Sunday, December 21, 2003

Saw It!

Just got back from RotK. I'm not remotely up to anything resembling a coherent review, so I'll just say that I went in expecting something exciting and moving and satisfying, and I was not disappointed.

I do have a few entirely random thoughts, though... (Warning: Contains vague-ish movie spoilers.):

  • I found it hard to credit, but the reviewers were right: the battle of Minas Tirith makes Helm's Deep look like a Sunday school picnic. Absolutely spectacular. And I say this as someone who usually tends to go glassy-eyed at battle scenes.

  • It was nice to finally see Andy Serkis' face on the screen, and I do think the potted history of Gollum was a good way to start out the movie. Speaking of Gollum, for a guy who's spent the last half a millennium or so living alone in a cave, he's got some amazing psychological manipulation skills.

  • Eowyn kicks ass! So does Gandalf. And so does Sam, for that matter, when you get him really pissed off. Of course, if you ask me, Sam rocks utterly just by virtue of being Sam. I've said it before, and I'll say it again: if you have to pick out just one character who's the true hero of the story, it's gotta be Sam.

  • Gimli completely cracks me up. He gets all the best lines in this one!

  • I think the decision not to include the Scouring of the Shire in the story was a sound one. It would have been anticlimactic, and the return at the end to a Shire effectively untouched and unaware of larger events actually does hit exactly the right kind of emotional and thematic notes. If I were feeling particularly deep, I could probably talk for quite a while about Joseph Campbell and traditional heroic myth-patterns, and how well the movie captures the idea of a hero who returns to the place he's fought for so changed by his experiences that he no longer truly belongs there. But I'm way too sleepy for that stuff at the moment.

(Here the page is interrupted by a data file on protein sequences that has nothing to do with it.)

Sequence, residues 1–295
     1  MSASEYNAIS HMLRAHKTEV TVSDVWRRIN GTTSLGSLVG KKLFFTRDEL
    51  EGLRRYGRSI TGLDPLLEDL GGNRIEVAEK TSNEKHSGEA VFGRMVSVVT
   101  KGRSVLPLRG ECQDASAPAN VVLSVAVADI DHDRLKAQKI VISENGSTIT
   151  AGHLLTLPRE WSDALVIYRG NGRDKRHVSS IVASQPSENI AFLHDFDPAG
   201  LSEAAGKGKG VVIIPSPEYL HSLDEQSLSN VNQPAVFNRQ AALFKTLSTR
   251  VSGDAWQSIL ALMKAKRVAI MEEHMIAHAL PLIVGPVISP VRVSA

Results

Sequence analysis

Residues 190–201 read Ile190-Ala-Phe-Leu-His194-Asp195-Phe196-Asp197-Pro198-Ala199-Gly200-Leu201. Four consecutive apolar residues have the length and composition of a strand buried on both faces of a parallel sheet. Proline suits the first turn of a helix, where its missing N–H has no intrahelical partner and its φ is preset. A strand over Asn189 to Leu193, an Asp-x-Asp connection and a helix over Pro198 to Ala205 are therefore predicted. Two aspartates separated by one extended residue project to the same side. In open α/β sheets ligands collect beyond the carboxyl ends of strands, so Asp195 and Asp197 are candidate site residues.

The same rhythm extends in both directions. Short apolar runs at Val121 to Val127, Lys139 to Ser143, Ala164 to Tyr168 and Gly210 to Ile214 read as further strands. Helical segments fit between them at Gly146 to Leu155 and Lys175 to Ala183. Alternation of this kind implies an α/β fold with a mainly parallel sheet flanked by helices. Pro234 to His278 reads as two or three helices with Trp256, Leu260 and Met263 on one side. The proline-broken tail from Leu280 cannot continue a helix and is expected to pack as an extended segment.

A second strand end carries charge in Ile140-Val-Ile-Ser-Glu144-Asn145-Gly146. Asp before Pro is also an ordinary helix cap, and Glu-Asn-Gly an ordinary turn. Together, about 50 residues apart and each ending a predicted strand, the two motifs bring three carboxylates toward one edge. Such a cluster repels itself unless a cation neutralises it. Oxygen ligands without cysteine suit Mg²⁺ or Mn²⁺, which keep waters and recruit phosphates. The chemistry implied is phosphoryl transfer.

• It may sound a bit odd to put it this way, but I honestly do regard the story of Sam and Frodo as one of the great love stories of our time. That it's a Platonic love story (and, the salacious speculations of a thousand fans notwithstanding, I think it pretty clearly is) doesn't change that fact one whit.

  • Yes, I did get teary-eyed by the end. Which wasn't exactly unexpected, as my most vivid memory of reading the books (lo these many years ago now) is of crying so hard at the end that the words became entirely too blurred to read. Sentimental sap that I am. Actually, I was doing pretty good at the movie, right up until the point where Sam started talking about strawberries. That just really got to me for some reason, and it became decidedly difficult to keep the ol' eyes dry thereafter. Stupid strawberries.

  • OK, surely I cannot be the only one whose first thought, upon seeing Sam and Frodo disguised in Orc costumes, was "Aren't you a little short for a stormtrooper." Can I?

  • I love the fact that so many of the characters (including, at various points, most of our heroes) spend much of the movie looking absolutely terrified. It adds quite an element of realism to the whole thing. And it's not just that... I think that one of the repeated themes of the story as a whole is that of the nobility of being willing to do desperate, near-hopeless, possibly-suicidal things simply because they are the things that need to be done if there is to be any hope at all. And having people who actually look like they're expecting to die at any moment really serves to highlight that, rather than to diminish it.

  • There was so much else going on that I didn't really miss seeing Saruman at all, but I do think it's a pity he was cut, if only because Christopher Lee is so darned cool. Sigh. I have to wait how long for the extended edition, now?
  • No comments:

    Post a Comment